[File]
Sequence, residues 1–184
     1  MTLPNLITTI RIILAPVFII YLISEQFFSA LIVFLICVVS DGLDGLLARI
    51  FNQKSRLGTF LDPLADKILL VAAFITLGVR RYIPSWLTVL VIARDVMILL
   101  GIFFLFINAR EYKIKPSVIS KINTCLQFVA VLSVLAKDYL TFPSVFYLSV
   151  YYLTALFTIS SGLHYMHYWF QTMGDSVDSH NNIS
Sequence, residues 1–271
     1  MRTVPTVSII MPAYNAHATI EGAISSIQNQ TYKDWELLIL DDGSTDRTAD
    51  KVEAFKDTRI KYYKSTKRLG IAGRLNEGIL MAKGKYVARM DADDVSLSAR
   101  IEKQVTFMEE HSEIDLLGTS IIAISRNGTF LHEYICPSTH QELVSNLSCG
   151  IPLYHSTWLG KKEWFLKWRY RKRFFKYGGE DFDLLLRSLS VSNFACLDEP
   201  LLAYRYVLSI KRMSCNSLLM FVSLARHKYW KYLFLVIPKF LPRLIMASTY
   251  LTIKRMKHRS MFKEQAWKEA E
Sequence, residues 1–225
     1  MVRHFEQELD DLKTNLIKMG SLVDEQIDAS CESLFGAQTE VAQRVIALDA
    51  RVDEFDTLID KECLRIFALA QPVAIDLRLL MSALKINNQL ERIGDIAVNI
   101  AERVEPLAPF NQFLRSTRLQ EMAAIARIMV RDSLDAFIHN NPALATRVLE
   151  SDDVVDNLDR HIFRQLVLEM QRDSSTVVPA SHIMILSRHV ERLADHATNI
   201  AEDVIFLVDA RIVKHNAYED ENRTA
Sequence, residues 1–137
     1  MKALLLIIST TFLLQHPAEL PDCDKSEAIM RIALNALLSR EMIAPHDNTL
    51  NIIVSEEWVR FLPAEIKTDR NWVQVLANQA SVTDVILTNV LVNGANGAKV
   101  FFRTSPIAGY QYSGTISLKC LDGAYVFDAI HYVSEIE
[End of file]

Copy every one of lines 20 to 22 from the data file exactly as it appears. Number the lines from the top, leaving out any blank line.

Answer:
     1  MKALLLIIST TFLLQHPAEL PDCDKSEAIM RIALNALLSR EMIAPHDNTL
    51  NIIVSEEWVR FLPAEIKTDR NWVQVLANQA SVTDVILTNV LVNGANGAKV
   101  FFRTSPIAGY QYSGTISLKC LDGAYVFDAI HYVSEIE